AFTER ABORTION GUIDE
5 Next Steps for Supportive Friends
By reading this resource, ITWY hopes to guide you with a basic understanding of walking alongside a female or male friend who has been impacted by abortion as they search for healing. This could benefit you now if you know someone struggling with a past abortion, or it could prepare you for a time when a friend will open up to you in the future.
Below are a few Next Steps to guide you in encouraging your friend…
ITWY does not work with individuals one on one. So if you need immediate 24/7 help, you can reach out to our friends at OptionLine, call 1-800-712-4357, text “HELPLINE” to 313131, or click here for a live online chat.
With that said, ITWY and this resource are by no means the authority on emotionally and/or spiritually working through issues triggered by an abortion. Rather, our humble perspective is offered with hopes that it will benefit those who are suffering, even if they do not share our perspective. ITWY’s resources are works in progress, so if you have any feedback on this resource, please share your thoughts here.
STEP 1 – Understand the Pressures Your Friend is Potentially Facing
The experience of life after an abortion can be difficult for many women and men to deal with. Though they might say they don’t struggle with their past abortion, many say they do. This struggle could even be years old. Your friend may be struggling with a number of the issues below:
Challenging Emotions – Many people report an increase of challenging emotions after their abortion, whether it be depression, anxiety, grief, regret, numbness, and many others which can vary in intensity. Read this “Me Too” resource to learn more about how people may experience life after an abortion.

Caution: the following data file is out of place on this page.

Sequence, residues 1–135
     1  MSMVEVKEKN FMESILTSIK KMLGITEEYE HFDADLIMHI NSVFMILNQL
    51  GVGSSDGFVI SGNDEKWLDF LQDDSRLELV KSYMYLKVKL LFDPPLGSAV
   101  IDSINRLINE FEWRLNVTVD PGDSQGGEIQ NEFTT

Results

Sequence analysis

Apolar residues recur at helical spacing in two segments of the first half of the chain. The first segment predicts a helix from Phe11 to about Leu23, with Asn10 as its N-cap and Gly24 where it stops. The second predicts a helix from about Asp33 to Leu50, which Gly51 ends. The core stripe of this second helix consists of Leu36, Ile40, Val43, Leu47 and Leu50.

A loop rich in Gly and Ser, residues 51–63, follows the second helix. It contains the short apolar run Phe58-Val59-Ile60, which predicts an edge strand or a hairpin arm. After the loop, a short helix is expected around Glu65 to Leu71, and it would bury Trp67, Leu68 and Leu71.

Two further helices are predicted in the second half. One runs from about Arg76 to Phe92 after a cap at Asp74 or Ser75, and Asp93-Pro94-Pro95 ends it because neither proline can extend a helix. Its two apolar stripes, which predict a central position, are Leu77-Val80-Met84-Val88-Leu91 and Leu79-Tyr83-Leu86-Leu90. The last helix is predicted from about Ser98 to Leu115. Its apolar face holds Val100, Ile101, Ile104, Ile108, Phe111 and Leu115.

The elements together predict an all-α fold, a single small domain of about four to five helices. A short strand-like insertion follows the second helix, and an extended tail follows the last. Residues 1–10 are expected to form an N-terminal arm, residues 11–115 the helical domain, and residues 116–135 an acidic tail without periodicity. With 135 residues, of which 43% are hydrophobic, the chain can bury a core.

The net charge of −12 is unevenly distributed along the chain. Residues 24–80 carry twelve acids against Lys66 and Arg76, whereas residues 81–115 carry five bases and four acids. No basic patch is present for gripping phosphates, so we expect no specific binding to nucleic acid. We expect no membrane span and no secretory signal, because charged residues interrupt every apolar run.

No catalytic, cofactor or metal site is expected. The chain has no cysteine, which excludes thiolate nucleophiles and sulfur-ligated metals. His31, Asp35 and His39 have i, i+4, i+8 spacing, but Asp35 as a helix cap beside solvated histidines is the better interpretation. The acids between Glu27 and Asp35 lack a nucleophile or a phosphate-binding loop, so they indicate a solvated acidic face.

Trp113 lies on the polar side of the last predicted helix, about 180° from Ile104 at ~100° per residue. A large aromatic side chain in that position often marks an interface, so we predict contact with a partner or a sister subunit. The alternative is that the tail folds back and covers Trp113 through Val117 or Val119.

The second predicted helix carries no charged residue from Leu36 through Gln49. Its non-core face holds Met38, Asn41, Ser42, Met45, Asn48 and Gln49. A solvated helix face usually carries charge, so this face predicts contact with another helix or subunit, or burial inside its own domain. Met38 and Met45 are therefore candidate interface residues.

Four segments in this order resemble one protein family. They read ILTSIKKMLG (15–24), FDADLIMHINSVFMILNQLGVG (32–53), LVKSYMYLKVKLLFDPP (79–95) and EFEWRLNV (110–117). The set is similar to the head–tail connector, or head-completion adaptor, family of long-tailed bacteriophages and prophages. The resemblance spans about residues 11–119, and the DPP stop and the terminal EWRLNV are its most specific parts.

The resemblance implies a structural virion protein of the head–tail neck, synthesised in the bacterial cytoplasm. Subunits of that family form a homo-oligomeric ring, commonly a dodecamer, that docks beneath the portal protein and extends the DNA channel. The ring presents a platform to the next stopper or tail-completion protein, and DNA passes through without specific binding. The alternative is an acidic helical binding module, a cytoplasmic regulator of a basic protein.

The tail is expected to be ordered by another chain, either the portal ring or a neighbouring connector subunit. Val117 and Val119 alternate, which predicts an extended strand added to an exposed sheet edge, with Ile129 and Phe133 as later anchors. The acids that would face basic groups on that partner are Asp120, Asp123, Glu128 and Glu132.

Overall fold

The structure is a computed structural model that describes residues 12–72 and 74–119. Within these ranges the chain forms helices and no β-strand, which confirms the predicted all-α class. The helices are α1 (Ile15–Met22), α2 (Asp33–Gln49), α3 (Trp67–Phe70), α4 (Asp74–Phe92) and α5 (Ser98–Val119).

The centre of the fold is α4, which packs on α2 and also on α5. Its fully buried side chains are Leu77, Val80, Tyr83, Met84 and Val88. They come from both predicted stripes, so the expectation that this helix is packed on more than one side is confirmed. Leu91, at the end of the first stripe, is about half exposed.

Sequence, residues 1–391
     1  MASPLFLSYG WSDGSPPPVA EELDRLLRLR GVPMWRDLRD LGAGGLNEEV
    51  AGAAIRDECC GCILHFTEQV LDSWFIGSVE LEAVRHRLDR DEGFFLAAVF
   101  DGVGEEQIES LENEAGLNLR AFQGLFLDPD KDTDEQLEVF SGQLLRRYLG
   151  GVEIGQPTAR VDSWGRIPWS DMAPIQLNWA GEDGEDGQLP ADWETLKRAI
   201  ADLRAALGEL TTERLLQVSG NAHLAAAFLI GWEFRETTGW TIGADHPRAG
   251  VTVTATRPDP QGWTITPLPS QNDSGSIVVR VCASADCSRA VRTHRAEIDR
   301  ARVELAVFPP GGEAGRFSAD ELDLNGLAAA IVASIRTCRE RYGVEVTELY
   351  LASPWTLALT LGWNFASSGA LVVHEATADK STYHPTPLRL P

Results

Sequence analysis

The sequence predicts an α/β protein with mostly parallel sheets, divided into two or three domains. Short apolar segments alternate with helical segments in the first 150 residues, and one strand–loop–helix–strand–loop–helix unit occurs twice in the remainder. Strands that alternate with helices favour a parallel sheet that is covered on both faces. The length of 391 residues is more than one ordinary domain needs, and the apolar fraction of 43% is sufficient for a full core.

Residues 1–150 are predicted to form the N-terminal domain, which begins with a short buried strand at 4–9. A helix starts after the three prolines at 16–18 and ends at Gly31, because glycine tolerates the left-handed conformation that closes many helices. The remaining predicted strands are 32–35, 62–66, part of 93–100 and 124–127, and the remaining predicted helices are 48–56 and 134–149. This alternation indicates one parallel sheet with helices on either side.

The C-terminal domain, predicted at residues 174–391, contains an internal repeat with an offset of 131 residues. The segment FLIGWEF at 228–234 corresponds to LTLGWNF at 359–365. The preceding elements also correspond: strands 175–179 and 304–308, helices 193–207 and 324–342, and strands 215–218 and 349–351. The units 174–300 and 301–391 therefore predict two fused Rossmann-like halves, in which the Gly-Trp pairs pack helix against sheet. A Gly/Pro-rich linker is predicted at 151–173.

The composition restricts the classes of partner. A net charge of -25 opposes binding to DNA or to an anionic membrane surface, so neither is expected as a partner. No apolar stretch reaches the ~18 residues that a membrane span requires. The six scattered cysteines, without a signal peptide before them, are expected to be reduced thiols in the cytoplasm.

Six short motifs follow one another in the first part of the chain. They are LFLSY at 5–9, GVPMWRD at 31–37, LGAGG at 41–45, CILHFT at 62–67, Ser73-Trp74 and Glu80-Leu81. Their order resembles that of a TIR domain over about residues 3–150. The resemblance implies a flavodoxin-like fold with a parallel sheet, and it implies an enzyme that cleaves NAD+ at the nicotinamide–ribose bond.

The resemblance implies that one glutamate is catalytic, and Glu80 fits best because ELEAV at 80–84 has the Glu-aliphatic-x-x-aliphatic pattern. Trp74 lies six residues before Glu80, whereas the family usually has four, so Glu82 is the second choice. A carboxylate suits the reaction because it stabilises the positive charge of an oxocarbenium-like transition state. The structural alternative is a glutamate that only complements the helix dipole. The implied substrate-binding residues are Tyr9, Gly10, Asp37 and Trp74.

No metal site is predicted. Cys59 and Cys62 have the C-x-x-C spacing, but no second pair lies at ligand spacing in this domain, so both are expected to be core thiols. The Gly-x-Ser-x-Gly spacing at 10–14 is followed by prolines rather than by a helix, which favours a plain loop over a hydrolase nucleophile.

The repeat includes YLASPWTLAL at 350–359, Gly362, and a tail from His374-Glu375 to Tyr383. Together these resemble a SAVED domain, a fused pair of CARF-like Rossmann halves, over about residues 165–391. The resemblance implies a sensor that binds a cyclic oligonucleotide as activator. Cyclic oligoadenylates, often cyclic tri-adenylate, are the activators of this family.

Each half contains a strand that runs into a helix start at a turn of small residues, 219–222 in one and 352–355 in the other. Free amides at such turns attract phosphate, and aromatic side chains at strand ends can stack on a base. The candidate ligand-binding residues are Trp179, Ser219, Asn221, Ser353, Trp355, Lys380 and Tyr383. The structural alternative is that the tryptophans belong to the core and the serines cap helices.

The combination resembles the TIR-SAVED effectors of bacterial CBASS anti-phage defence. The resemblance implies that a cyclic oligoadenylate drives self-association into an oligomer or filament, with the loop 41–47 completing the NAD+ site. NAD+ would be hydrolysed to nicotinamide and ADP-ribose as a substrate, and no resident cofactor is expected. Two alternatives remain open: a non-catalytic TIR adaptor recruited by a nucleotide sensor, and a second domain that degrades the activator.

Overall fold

Shame, Stigma, and Secrecy – Even among those who claim no faith, many with an abortion story can be overwhelmed by shame because of the stigma that can be associated with abortion. This shame and fear of being labeled with this stigma can influence many to be very secretive about their abortion experience. This secrecy motivated by shame can lead to emotional and social isolation. You need to be aware that your friend might have an innate fear that you will judge and label them or perhaps even distance yourself because of their abortion history.
Conviction and God – If your friend is a person of faith, they may have strong spiritual convictions about God’s view on abortion and their responsibility to make amends with God after an abortion. While conviction is not bad, conviction can be a heavy process for an individual to walk with and work through with God, which will be important for you to be aware of.
Political Wars and Wounding – With the political discussion and effort surrounding abortion often being so argumentative and warlike, many people with abortion stories become the unknown collateral damage of the political war. As hurtful words or shame tactics are used by both sides to wage war against the other, it is often the people with the abortion experience who get caught up in the middle and are damaged the most. Be sensitive that your friend could be negatively impacted by much of the political dialogue in today’s news and culture.